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COOPER’S CAEE, the Only llo-to-Date Cafe in Seward. Open from 6:30 a. m. to 9:00 p. m.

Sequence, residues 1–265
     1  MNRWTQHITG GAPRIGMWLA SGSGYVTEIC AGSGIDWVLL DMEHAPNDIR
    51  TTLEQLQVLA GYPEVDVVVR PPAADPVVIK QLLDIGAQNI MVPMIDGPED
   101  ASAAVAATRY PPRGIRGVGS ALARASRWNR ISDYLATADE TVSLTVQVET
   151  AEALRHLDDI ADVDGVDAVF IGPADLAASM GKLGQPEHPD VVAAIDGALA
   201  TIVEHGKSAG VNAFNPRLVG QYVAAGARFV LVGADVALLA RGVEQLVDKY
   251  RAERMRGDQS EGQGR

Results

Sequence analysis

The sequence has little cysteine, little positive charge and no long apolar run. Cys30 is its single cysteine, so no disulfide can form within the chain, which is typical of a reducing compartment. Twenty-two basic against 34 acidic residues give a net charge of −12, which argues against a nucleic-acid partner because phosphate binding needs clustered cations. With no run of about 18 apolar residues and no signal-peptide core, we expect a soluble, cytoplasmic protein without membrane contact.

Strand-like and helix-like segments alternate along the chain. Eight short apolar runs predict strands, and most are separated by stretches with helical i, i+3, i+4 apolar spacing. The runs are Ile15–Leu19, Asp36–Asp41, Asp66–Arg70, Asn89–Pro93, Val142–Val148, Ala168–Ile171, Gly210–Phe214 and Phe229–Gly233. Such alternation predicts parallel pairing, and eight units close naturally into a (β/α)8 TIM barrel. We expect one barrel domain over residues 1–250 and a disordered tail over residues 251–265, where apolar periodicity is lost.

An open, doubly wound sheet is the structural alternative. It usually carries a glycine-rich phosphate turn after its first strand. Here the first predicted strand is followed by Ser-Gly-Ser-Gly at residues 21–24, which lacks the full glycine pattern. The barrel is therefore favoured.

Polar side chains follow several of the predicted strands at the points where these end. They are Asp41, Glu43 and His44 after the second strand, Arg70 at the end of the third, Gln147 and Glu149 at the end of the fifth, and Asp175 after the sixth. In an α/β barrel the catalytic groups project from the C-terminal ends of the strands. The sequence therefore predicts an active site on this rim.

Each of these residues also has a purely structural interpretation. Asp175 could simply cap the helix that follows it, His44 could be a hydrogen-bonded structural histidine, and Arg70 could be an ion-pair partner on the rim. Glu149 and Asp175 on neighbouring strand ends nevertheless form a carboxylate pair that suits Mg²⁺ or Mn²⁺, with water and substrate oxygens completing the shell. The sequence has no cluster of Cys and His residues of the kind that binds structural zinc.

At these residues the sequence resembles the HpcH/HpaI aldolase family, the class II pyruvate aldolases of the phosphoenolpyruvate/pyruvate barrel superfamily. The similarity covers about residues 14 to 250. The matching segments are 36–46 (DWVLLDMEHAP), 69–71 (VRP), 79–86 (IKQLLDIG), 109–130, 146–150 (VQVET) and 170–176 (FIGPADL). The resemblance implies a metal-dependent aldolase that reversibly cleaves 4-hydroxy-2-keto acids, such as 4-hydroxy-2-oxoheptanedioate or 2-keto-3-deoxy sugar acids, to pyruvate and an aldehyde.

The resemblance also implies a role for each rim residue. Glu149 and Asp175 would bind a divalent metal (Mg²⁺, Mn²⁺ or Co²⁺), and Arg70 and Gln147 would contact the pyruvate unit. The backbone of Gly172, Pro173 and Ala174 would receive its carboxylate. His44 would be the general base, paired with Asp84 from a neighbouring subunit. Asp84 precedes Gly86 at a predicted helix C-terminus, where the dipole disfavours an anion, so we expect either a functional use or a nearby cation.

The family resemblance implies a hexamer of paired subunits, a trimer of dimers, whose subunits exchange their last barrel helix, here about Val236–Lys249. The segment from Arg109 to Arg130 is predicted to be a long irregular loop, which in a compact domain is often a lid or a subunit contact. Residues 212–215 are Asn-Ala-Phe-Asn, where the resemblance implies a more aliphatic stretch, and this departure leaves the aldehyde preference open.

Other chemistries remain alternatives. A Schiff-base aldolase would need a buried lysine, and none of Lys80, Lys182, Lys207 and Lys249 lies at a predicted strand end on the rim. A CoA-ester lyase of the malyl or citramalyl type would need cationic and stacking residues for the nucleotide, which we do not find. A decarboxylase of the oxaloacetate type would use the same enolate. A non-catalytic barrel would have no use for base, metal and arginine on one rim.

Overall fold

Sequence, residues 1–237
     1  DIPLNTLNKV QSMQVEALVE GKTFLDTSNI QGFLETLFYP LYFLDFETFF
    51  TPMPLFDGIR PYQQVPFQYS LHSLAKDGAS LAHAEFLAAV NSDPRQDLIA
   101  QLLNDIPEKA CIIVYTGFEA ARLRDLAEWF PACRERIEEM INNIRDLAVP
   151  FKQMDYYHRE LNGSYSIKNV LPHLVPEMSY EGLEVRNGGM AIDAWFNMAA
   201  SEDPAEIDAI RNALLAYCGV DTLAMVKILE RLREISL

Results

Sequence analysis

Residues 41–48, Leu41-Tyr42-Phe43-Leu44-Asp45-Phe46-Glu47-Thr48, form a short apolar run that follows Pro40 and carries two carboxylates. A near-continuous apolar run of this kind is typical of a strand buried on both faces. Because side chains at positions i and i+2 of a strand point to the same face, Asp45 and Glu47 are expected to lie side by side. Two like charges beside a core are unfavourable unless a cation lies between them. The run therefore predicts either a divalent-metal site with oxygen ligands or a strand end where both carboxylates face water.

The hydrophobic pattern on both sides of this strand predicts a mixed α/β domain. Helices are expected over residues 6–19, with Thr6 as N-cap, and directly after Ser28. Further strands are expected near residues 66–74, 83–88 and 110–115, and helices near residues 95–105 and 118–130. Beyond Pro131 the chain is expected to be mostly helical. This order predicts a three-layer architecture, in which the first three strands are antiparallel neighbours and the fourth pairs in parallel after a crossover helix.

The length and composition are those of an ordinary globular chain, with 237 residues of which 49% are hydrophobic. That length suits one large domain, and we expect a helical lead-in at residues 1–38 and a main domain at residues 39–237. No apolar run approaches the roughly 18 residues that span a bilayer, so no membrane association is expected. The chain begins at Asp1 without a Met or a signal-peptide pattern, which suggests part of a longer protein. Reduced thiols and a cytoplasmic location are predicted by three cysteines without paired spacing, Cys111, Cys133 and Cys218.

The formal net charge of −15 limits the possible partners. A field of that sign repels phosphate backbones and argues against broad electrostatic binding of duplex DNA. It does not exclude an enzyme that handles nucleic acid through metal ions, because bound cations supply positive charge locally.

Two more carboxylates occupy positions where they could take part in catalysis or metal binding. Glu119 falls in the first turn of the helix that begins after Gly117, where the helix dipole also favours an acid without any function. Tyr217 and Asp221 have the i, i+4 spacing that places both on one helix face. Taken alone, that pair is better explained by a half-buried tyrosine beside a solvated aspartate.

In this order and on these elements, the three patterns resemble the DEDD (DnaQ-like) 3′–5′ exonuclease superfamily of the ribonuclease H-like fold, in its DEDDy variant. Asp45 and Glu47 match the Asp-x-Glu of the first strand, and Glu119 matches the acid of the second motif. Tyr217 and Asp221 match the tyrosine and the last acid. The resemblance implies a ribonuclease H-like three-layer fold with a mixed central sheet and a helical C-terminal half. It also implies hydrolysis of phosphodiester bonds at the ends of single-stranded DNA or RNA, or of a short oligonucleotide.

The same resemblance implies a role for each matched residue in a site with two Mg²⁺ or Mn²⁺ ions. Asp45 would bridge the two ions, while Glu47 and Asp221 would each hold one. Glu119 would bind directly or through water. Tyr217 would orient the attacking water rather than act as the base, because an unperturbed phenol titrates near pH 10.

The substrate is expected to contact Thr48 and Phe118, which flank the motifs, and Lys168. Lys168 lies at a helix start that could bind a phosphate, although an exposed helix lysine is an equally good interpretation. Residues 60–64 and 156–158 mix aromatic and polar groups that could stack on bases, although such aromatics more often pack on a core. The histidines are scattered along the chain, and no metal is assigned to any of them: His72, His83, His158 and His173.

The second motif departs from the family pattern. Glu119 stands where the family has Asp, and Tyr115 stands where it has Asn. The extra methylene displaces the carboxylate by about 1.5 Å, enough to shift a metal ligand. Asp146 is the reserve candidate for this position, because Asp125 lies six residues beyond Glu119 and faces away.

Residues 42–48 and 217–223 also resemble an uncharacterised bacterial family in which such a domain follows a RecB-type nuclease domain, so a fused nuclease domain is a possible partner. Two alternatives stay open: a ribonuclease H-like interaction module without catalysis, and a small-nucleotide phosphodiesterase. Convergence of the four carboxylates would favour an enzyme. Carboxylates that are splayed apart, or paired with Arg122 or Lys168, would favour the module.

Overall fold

BRITISH STEAMER BLOWN UP j - I LONDON, Oct. 28.—The steamer Manchester Corn vessel was destroyed at a spot on the route of trans-At merce has been blown up by a mine oft the coast of Ii eland and the occurrence has caused a violent shock here as the lantic liners, showing that the Germans are now threaten ing in its most vulnerable point the commerce of the Brit ish islands. As to how the Germans could have laid the mines so far away from German territory no one can give an explanation but the loss of the steamer is sure to bring about greater vigilance. The occurrence may have the effect of injuring passenger traffic. DIRECT TORPEDOES FROM SHORE WASHINGTON, Oct. 28.—Experiments made by the American army have proven that it is Quite feasible foi an operator on the shore to direct torpedoes against hos tile ships by the radio system. It has been shown that even when the warships to be attacked are miles out to sea the torpedoes can be directed against them with practically unfailing accuracy. The experiments have recently been made and many believe that the result may have an immense effect on future wars if not on the one now proceeding. dutch lugger sunk AMSTERDAM, Oct. 28.—The Dutch lugger Vlaardin gen has been sunk oil the coast of Holland by a mine and all the members of the crew were lost. Ihe occurrence took place forty miles north of Ymuiden. No one can guess as to which nation was responsible. Some people are inclined to think that the British have begun to lay mines to interrupt the commerce of Holland as they have believed that cargoes consigned to Holland are ultimate ly shipped to Germany. Others believe, however, and they are the majority, that the Germans have mined those waters to prevent the shipping of farm produce from Holland to Britain. BERLIN ON POLISH FIGHT BERLIN, Oct. 28.—The Austrian and German of ficial reports of the lighting along the Vistula river and the San are to the effect that the Russian forces are very much superior numerically. In Berlin and \ ienna the great battle in that part of the field of war attracts as much attention as the fighting in France and Belgium and the result is regarded as being of equal importance. The German military authorities deny the reports of victory sent out from Petrograd but it is conceded that the allied Teuton forces have not succeeded in making a crossing of the \ istula and as long as that river sepaiates the German army from Warsaw it is believed that the task of the German troops is a very serious one. The ac counts given out by the war office are still very meagre authough what is told is of an optimistic nature in rela tion to the progress of the war both in the east and west. EMDEN SINKS JAP SHIP BERLIN, Oct. 28.—The German cruiser Emden has followed up her career of destruction by sinking the little Japanese steamer Kamegasaki Maru which was bound to Singapore. The German cruisers which are now dashing about the oceans seem to have no difficulty in securing all the coal required and this city is naturally jubilant because of he destructive work accomplished by them on the shipping of hostile nations. CLEOPATRA AND RICHELIEU TO BE SEEN IN SEWARD Otto Binder of Nome has taken over the Casino theater for Thursday, Friday and Saturday when he will present some splendid pictures. On tomorrow he will show “Cleopatra” with Helen Gardner, the famous actress, in the title role. Richelieu will also be shown during the period and Seward will be provided with a classic and thrilling treat. NEWS NOTES Joe Badger and G. P. Goggin are two Nome business men who are ex pected to arrive in Seward soon to enter business. Fred Bryant leaves for Bar Har bor, Maine, on the Mariposa. Fred Hartman, a well known young man from Nome came on the Corwin yesterday and is now one of us. Judge 0. P. Hubbard is stir visiting in the city. E. R. Bogart is now here in the course of his work auditing accounts in connection with the Mor ton case. Otto Binder, a moving picture man of Nome, came on the Corwin yester day. We have it will get it or it is not made. Brown & Hawkins. Hardware & Furniture Dept. Long distance telephone booth at The Branch. Cross cut Saws, Axes, Wedges, Mauls everything for the wood : chopper. Brown & Hawkins Hard ware & Furniture Dept. “Quality first.” - Long distance telepnonc booth at The Branch. The name “Gamble’s” is a trade mark and wherever seen is a guaran tee of wholesomeness and cleanliness. You get local Ranch Eggs with your Ham and Bacon at Gamble’s Res taurant. Finch’s Golden Wedding Rye at The Branch. SAYS KNIK AR1CULTURE BEATS MASSACHUSETTS Situated on the banks of the beauti ful Knik lake, directly across from | Knik city, A. J. Pierce last April fded on a homestead. He started In im ! mediately clearing ofT the timber and ! getting down to actual farming. A run across to Mr. Pierce’s Crystal Springs ranch will convince the most sceptical that this section of Alaska j certainly has a great future as an ag ricultural country. Potatoes, cabbage, carrots, parsnips, peas and lettuce have thrived on this ranch this year. From twenty pounds of seed Mr. Pier ce has already taken out of a small patch over eighteen crates of potatoes. Three strawberry beds on this ranch also promise to turn out successful, i Next spring it is the intention of the, owner of the Crystal Springs ranchto experiment on alfalfa. Mr. Pierce, who comes from Massa chusetts, says this is the finest agri culture land he has ever seen. In his opinion five acres properly cultivated, would make a man independent. LEAVING ON MARIPOSA fhe following are outbound pas sengers on the Mariposa from Sew ard: A. W. Lennard, H. L. Hoyer, A. H. Bryant, G. G. Cotter, Mrs. H. C. Shough, H. C. Shough, Mary Harman, Mrs. C. C. Harman and Mrs. K. A. Baughman. See us before sending outside fo>* your job printing. American White cross extra large size Ripe Olives. “Every cell full of oil.” 50c per can. Brown & Hawkins. “Quality first.” Meet me at The Branch. Orders taken for Nu-Bone Corsets. Perfect fit and satisfaction guaran teed. Mrs. V. H. Cottle, next Cum min’s Boarding House. ____ ... - Finch’s Golden Wedding Rye at The ! Branch. _ Letterheads, envelopes, billheads, cards, posters, announcements of aP kinds at The Gateway Job Printery SPECIAL CASINO THEATER First Time Ever Shown in Alaska Thursday Night, October 29th The Greatest Motion Picture Ever Made DEL N GARDNER -IN CLEOPATRA IN SIX REELS Egypt's Most Beautiful Woman and Queen, Direct From Vancouver and Now Running in New York City to Crowded Houses. % 6000 Feet of Fascinating, Soul - Stirring Romance! General Admission, 50c; Reserved Seat, $1.00 Children, 25c The best quality of work at prices that are right at The Gateway Job Printing Department. i ___________________ Mens all wool navy blue Oregon flannel overshirts, the best values in town $2.50 each. Brown & Hawkins. “Quality first.” NOTICE TO STOCKHOLDERS The annual meeting of the stock holders of the Kenai Mining and Mill ing company will be held Monday, November 2, 1914, at the home office of the company at Seward, Alaska. A. H. BRYANT, President. F. J. COTTER, Secretary. Casino Theater N. J. KOONTZ, Man’gr. TONIGHT Two Features “For Old Love’s Sake” AND “The Power of Heredity” “Get the Casino Habit” EXIRA ANNOUNCEMENT 1 COM. NOVEMBER 1st Only Three Shows a Week Mondays, Wednesdays and Saturdays, with a NEW SHOW EACH TIME DONT FORGET THIS New Goods on Every Boat SOME OF THE LATE ARRIVALS Hats and Caps BALMACCAN’S—Leland’s Herald and Ocho Models New Styles in Snappy Fabrics Gentlemen’s Suits Sargent Collars—Fall and Winter Weights Rare Patterns A Range of Values From $2.50 to $8.00 Stony Creek Pants All Made To Order—Guaranteed All Wool—All Weights Prices $4.50 to $6.00 a pair • % Shoe Pacs New Stock—Hipress—Gold Seal Seword and Arrow trails With or Without Heels Stag Shirts—Cool Shirts, Dress Shirts, Nelgligee Shirts Largest Stock in Seward—All Prices Balmacaan Coats Kenyon Rain Coats—Stein Block Suits THE MINERS’ STORE THE PLACE WHERE MEN OUTFIT FRANK J. COTTER, Manager Use the Phone Adams 131 Remember the Parcel Post BROWN & HAWKINS “Quality First” j % I E bought a manufacturer’s line of Sample _ Sweaters and Men’s Underwear, mostly Union Suits, on which we will give our customers the benefit of the close purchase price. Boys’ and Girls’ Turtle Neck Sweaters and Jerseys, . $1.50 “ “ “ Ruffneck Sweaters, . . . 2.00 Men’s Turtle Neck Jerseys and Sweaters, $2.00, 3.00, 4.00 “ Heavy Ruffneck Sweaters, . $3.00, 4.00, 5.00, 6.00 “ Light, Medium aud Heavyweight Closed Crotch Inion Suits, per suit, $1.50, 2.50, 3.00, 4.00 Boys’ Cashmere, Tweed and Corduroy Pants, . $1.50 & 1.75 “ Blue flannel Overshirts.$2.00 These prices are all 25 to 50 per cent Cheaper than prices usually asked for the same qualities. UST received a New Shipment of Walkover Shoes, comprising the Newest Lasts in both * Lace and Button. Agents for Ed. V. Price & Co., “Tailors of Good Made-to-Order Clothing.” BROWN & HAWKINS “Quality First” “ PALACE JINGLES" . | While Uncle Sam is fussing With the Black and Tans below And Bryan's slipping grape juice To the troops in Mexico. The Navy’s like a desert, And if any one should ask you There really are some places That are worse off than Alaska. 0 THE PALAGE BAR Furnished Rooms for Men JOE MORRIS I an<1 I^nch Counter Jugl Pi*1**1 1 BILL DEVINE 44 PALACE JINGLES " Though Pinchot copped the coal and trees And Jones tabooed the “Klootch” And they mads the boys stop gambl ing And they’ll next reserve our “hootch” They've tied the can to all our joya To try to make us good % But still down at The Palace We serve SHERWOOD, drawn from wood